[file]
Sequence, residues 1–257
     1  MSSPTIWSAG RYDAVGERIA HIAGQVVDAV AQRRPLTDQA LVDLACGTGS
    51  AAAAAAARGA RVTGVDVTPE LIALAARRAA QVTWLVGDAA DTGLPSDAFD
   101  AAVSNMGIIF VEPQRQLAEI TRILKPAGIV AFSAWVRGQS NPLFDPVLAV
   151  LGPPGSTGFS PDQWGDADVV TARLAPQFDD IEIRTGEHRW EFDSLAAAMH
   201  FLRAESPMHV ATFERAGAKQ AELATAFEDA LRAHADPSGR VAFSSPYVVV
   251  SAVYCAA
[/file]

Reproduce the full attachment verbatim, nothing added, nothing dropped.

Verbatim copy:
Sequence, residues 1–257
     1  MSSPTIWSAG RYDAVGERIA HIAGQVVDAV AQRRPLTDQA LVDLACGTGS
    51  AAAAAAARGA RVTGVDVTPE LIALAARRAA QVTWLVGDAA DTGLPSDAFD
   101  AAVSNMGIIF VEPQRQLAEI TRILKPAGIV AFSAWVRGQS NPLFDPVLAV
   151  LGPPGSTGFS PDQWGDADVV TARLAPQFDD IEIRTGEHRW EFDSLAAAMH
   201  FLRAESPMHV ATFERAGAKQ AELATAFEDA LRAHADPSGR VAFSSPYVVV
   251  SAVYCAA